Asian-American civic groups are pushing for redistricting in Brooklyn that would give growing Asian ethnic groups a district and representation of their own.
Claiming that the Asian vote is too diluted across many districts, the groups are hoping to splice together sections of Sunset Park, Bensonhurst and Dyker Heights in a new district that would have a majority population of Chinese immigrants and their descendants.
After holding a public hearing last month, the New York State Legislative Task Force is expected to release a first draft of new district lines in January. District boundaries are remapped every decade to reflect demographic changes demonstrated by the federal census. If drawn correctly, districts should be areas of people that share some a common denominator. The law also stipulates that it must be contiguous and reasonably compact: its length should be no more than twice its width.
“We’re seeing in places like Sunset Park—and we’re seeing throughout New York—that the Asian population is currently at 20 percent or more and we think that could necessitate, or in theory you could argue for, the creation of more Asian-American districts,” says Rachael Fauss, the Policy and Research Manager for Citizens Union.
Research from the group shows that 15 assembly districts in the state have Asian-American populations of more than 20 percent and three are at 40 percent or more— not that you would ever know it by looking at the state legislature. No Asian-American has ever won an election in Brooklyn and currently, there is only one Asian-American representative, Grace Meng of Queens in a lower house made up of 212 legislators.
Meng’s district encompasses Flushing and was created during the last redistricting in 2000 to better represent the flourishing Chinatown in Queens. The new lines helped lead to Meng’s election as the first Asian-American in the state legislature.
“They drew that with kind of an eye towards empowering the Asian-American community,” says James Hong who works with the MinKwon organization and the Asian-American Community Coalition On Redistricting and Democracy (ACCORD). “I feel that everybody thinks that was well done.”
“But other than that, most of the Asian-American communities—East Asian, South Asian—were cut up. There was definitely potential for much stronger pluralities. Instead they were cut up into two, three, four, or five districts. I hope other districts will do what that district did, which is to keep a community of interest together.”
The current district boundaries were drawn using the 2000 Census numbers when Asian-Americans were 5.5 percent of the state’s population. The latest 2010 Census shows that the Asian population surged by a third in New York City and is now 7.3 percent of the population, making it the fastest growing racial group in the state.
Underrepresentation is not a uniquely Asian problem. “There’s also been a growth among the Latino population,” Fauss states. “Something we’ve been pointing out is that the state legislature doesn’t currently reflect the diversity of New York state.”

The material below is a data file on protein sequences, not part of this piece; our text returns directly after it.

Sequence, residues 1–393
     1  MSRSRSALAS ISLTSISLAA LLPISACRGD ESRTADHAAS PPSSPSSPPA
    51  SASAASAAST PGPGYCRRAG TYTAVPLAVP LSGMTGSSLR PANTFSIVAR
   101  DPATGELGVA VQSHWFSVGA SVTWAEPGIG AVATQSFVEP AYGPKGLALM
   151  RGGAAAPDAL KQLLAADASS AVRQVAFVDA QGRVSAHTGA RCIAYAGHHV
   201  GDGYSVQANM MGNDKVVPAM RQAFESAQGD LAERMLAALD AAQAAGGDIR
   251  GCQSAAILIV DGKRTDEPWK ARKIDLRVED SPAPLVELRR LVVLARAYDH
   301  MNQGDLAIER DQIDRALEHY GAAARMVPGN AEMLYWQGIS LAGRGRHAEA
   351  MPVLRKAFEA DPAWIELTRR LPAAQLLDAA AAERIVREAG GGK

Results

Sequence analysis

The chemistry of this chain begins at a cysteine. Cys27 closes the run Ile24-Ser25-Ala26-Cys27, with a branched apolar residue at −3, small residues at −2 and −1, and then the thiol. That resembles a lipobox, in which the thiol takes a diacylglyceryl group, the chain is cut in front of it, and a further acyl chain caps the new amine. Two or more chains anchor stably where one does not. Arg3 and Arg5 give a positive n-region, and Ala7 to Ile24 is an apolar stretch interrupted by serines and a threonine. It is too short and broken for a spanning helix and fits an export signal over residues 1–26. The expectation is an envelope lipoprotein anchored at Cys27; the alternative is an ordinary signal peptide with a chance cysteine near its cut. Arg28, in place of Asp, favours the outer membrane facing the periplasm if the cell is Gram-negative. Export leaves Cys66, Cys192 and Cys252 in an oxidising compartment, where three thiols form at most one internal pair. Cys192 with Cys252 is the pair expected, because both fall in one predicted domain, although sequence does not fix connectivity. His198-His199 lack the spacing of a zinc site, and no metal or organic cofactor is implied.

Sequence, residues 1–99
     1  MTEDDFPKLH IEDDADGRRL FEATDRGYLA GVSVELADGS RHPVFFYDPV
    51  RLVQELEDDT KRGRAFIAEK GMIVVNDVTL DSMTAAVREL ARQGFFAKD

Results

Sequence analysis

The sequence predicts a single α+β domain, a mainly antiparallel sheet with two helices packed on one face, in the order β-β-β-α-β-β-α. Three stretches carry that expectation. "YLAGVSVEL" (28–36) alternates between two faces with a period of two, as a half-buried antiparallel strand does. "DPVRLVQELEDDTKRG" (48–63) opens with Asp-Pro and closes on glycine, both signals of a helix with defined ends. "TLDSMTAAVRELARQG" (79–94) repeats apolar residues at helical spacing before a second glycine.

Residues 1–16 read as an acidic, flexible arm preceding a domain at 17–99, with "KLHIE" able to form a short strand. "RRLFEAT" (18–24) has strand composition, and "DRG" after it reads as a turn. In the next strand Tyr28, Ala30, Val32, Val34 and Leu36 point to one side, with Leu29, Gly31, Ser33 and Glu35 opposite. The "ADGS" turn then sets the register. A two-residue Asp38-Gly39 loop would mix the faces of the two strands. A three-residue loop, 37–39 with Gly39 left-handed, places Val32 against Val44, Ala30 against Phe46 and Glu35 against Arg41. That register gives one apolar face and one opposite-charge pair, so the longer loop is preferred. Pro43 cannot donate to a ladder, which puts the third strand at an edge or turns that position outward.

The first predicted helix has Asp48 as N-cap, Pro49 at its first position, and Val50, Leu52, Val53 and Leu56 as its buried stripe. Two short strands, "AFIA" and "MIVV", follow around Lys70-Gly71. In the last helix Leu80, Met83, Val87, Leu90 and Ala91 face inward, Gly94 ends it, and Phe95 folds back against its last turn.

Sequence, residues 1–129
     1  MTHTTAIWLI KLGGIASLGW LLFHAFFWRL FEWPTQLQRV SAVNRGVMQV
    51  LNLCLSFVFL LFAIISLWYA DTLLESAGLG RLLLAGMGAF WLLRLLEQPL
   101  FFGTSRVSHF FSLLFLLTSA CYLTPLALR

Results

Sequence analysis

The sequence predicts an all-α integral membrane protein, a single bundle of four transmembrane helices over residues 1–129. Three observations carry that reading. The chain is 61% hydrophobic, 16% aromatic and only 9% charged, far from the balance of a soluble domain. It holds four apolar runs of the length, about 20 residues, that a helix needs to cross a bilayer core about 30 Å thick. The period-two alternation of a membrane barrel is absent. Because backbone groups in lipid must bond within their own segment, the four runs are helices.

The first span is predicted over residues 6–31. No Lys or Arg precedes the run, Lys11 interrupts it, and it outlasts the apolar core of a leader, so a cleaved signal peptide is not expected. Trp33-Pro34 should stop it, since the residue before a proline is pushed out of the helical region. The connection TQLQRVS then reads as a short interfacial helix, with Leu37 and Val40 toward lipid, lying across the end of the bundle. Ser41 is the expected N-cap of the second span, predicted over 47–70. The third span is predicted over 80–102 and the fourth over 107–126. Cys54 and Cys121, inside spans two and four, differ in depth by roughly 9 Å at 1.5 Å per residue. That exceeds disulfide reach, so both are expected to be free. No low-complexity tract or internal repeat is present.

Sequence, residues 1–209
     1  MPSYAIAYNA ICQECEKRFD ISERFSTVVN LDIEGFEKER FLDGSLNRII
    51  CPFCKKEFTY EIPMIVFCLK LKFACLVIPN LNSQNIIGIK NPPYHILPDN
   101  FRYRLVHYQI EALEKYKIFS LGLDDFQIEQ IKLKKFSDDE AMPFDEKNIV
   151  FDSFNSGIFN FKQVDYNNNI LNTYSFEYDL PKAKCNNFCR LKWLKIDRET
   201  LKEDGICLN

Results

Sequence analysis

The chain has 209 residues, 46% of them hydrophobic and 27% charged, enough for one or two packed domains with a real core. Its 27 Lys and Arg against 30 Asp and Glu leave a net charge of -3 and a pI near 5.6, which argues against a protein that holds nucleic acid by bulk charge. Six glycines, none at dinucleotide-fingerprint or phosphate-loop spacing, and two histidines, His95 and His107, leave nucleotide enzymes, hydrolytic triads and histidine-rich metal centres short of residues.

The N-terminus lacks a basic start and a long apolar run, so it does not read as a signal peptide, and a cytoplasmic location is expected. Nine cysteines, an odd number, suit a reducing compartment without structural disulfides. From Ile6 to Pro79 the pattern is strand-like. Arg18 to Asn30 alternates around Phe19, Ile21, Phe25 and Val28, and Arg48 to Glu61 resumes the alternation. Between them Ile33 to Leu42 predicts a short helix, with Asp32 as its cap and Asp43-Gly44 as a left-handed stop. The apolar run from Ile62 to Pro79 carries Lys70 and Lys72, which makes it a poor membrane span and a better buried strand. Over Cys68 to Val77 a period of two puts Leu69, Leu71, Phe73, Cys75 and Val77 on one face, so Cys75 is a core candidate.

The federal Voting Rights Act of 1965 requires that districts not be drawn to weaken or abridge minority voters.
Various civic groups say that the status quo is doing precisely that, however. In Brooklyn, the neighboring Chinese communities in Bensonhurst, Sunset Park and Bay Ridge are split into several electoral districts.
Hong says Asian-Americans are denied the opportunity to meaningfully participate in the political process as a result: “At almost every level of government and almost every neighborhood, you see that it is split up so collectively, their voice is weakened. They can’t really come to the polls and have a unified impact through the electoral process.”
The new lines must be drawn by next summer. ACCORD officials say that many people still misunderstand the reasoning behind their push for uniting sections of Sunset Park, Bensonhurst and Dyker Heights.
“We’ve said over and over again that this is not purely an attempt to get more Asian-Americans into office,” Hong said. “Though if the districts happen the way we want them, that may happen in the next few years.”
He makes it clear they are not lobbying for any particular candidate either. “There are—and I think there will be—some white candidates or candidates of other ethnicities that represent an Asian community well and vice versa. You don’t necessarily have to have an Asian representative to represent an Asian community. That’s never been part of our platform.”
Their focus is on seeing voters empowered and keeping them in the same district when they belong in the same community of interest. “We’re saying, hey, there’s something that looks like voter dilution that’s happening as a result of these lines, and we’re just trying to remedy that.”
In fact, the Supreme Court ruled in Shaw v. Reno that race could not be the predominant factor in setting district lines, though it could be one component.
Jerry Vattamalla, a staff attorney for the Asian American Legal Defense and Education Fund, says it’s not enough for one area to be dominated by any particular ethnic group to call for redistricting. The people need to “vote similarly and have similar interests.” Other areas the city taskforce will look at include common cultural background; shared language and language access needs; media markets; immigrant concerns; and public transportation.
Vattamalla says redistricting takes time and intense analysis because of all the competing interests. People grouped together by current districts may also have concerns about being split up in order to create this majority Asian-American district. “Nobody wants their community divided. That’s something the task force will have to decide on,” he said.